This year China will bring on-stream three new refineries totalling 1 million b/d of new capacity, all of which are coastal, integrated petrochemicals developments, two of which are privately owned -- Hengli Group’s 400,000 b/d complex at Dalian in Liaoning province and Zhejiang Petrochemical Corp.’s 400,000 b/d project in Zhejiang province. The remaining 200,000 b/d will be added by Zhanjiang Petrochemical, part of state oil and chemicals groups Sinopec.
They are expected to be followed by more integrated petrochemicals developments built on the country’s east coast over the next five years by Chinese state and private companies, as well as foreign investors such as US major ExxonMobil and Germany’s BASF.
This will add a new layer of complexity to US/Chinese energy trade and competition. While US petrochemicals have targeted ethane as their feedstock, a by-product of natural gas processing, Chinese importers will seek light, sweet US crude to supplement Middle Eastern grades, using naphtha as the main feedstock for petrochemicals production. Each will use the fruits of US shale in different ways, yet all will target growing Asian petrochemicals demand.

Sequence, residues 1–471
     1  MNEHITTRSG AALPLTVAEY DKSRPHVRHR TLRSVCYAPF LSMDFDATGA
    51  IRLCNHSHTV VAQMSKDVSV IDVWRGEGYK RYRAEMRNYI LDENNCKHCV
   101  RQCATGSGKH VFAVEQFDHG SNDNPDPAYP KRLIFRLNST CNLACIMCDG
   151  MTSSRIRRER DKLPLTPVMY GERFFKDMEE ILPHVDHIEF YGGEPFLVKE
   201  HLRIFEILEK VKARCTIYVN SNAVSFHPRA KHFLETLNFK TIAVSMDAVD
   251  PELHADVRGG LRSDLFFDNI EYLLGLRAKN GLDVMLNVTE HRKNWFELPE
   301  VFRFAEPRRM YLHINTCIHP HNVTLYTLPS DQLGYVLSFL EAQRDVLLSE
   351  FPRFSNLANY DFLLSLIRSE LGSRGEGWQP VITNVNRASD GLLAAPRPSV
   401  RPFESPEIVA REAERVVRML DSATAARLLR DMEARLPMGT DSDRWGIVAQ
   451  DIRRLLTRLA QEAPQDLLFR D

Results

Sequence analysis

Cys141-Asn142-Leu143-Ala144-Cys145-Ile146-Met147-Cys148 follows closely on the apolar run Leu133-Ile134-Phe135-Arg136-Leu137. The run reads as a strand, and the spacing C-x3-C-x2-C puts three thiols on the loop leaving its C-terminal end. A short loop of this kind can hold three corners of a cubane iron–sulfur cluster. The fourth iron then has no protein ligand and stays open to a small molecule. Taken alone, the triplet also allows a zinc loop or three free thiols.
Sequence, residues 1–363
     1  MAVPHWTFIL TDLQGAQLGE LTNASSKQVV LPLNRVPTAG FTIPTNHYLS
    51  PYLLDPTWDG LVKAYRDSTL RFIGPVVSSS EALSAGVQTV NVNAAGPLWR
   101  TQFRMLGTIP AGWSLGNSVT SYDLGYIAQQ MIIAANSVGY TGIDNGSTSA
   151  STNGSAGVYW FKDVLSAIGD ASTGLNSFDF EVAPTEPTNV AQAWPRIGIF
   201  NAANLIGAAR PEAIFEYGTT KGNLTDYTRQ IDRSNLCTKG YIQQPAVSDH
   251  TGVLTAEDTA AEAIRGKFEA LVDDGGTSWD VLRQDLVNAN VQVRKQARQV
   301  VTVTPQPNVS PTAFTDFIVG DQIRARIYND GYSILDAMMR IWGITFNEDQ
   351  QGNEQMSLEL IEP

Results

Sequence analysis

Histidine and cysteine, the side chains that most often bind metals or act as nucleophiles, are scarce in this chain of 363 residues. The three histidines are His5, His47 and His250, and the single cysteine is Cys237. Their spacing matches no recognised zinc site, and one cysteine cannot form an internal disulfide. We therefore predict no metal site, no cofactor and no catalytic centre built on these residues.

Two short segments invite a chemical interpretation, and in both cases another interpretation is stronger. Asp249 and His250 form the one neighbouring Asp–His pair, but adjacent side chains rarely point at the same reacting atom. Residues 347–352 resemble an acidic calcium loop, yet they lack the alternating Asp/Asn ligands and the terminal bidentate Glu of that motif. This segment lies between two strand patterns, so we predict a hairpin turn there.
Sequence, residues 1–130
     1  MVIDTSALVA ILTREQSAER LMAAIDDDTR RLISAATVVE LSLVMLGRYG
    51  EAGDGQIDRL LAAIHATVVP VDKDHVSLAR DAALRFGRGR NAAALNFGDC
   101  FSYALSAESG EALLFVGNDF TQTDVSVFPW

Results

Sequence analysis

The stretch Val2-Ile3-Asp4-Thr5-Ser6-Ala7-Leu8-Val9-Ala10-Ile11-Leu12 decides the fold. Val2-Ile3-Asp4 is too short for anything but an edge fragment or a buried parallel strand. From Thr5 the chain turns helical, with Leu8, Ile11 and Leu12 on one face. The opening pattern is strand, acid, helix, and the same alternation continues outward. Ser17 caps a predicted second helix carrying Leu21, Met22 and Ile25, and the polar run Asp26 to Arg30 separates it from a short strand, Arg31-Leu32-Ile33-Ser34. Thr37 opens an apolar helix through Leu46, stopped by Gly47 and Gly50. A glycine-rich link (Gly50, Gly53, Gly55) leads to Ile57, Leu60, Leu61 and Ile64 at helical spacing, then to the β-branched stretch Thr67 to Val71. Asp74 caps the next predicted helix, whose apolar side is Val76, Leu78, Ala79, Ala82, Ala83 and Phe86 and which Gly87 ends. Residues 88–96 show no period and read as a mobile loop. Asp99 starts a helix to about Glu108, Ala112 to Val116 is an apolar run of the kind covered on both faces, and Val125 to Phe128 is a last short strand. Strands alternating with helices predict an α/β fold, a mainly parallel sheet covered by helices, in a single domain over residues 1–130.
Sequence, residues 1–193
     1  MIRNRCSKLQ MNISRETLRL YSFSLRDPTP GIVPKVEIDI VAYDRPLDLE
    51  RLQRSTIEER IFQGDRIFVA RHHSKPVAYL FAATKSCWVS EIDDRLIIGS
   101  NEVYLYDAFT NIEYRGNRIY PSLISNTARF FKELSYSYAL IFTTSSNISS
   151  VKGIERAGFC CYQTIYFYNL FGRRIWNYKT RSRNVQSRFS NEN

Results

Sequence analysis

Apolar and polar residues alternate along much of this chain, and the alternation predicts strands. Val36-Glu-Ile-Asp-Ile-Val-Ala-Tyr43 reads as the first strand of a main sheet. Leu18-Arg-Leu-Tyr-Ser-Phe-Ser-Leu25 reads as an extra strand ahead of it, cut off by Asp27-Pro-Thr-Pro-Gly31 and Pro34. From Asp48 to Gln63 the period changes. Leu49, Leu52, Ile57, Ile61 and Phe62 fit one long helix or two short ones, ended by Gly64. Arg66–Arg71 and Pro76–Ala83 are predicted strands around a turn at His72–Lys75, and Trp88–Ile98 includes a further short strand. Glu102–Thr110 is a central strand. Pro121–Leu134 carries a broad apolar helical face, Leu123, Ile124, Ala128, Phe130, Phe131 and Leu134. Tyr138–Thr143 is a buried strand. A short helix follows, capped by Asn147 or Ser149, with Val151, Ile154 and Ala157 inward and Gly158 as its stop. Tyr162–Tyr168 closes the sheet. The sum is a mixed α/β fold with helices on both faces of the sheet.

The second strategy is potentially much more significant and combines heavy investment in a number of areas such as EVs, artificial intelligence and telecommunications.
A key area of manufacturing that has eluded China is foreign car exports, where it has had to compete against well-established brands with strong technological leads. Its experience in the emergent solar industry was far different. Here it has become the world’s dominant force, and companies such as Trina Solar have shown the capacity to lead not just in terms of manufacturing but in new product innovation.